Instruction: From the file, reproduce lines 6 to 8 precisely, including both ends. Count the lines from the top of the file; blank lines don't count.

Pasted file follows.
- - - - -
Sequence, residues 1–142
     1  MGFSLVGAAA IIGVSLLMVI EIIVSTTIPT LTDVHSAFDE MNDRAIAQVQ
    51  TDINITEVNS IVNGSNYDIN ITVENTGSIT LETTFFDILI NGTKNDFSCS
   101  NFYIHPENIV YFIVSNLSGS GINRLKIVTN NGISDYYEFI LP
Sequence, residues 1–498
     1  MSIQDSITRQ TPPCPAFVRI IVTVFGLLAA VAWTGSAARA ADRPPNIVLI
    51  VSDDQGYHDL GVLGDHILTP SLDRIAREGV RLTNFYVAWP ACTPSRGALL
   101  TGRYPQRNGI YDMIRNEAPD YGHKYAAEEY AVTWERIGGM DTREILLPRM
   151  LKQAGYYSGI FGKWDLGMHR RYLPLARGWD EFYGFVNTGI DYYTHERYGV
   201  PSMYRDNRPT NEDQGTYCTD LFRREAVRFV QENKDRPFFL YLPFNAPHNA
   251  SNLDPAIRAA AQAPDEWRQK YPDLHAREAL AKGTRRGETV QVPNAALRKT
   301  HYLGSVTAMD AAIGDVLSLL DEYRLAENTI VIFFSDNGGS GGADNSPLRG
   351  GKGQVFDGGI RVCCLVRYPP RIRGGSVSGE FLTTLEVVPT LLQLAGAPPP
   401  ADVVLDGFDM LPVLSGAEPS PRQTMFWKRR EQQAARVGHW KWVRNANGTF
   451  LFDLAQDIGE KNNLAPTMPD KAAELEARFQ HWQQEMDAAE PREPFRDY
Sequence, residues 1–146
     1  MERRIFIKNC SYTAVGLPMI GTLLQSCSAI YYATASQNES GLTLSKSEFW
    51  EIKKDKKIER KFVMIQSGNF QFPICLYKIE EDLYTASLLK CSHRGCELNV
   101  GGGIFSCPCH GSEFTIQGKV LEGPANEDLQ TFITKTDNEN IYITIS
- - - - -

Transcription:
     1  MSIQDSITRQ TPPCPAFVRI IVTVFGLLAA VAWTGSAARA ADRPPNIVLI
    51  VSDDQGYHDL GVLGDHILTP SLDRIAREGV RLTNFYVAWP ACTPSRGALL
   101  TGRYPQRNGI YDMIRNEAPD YGHKYAAEEY AVTWERIGGM DTREILLPRM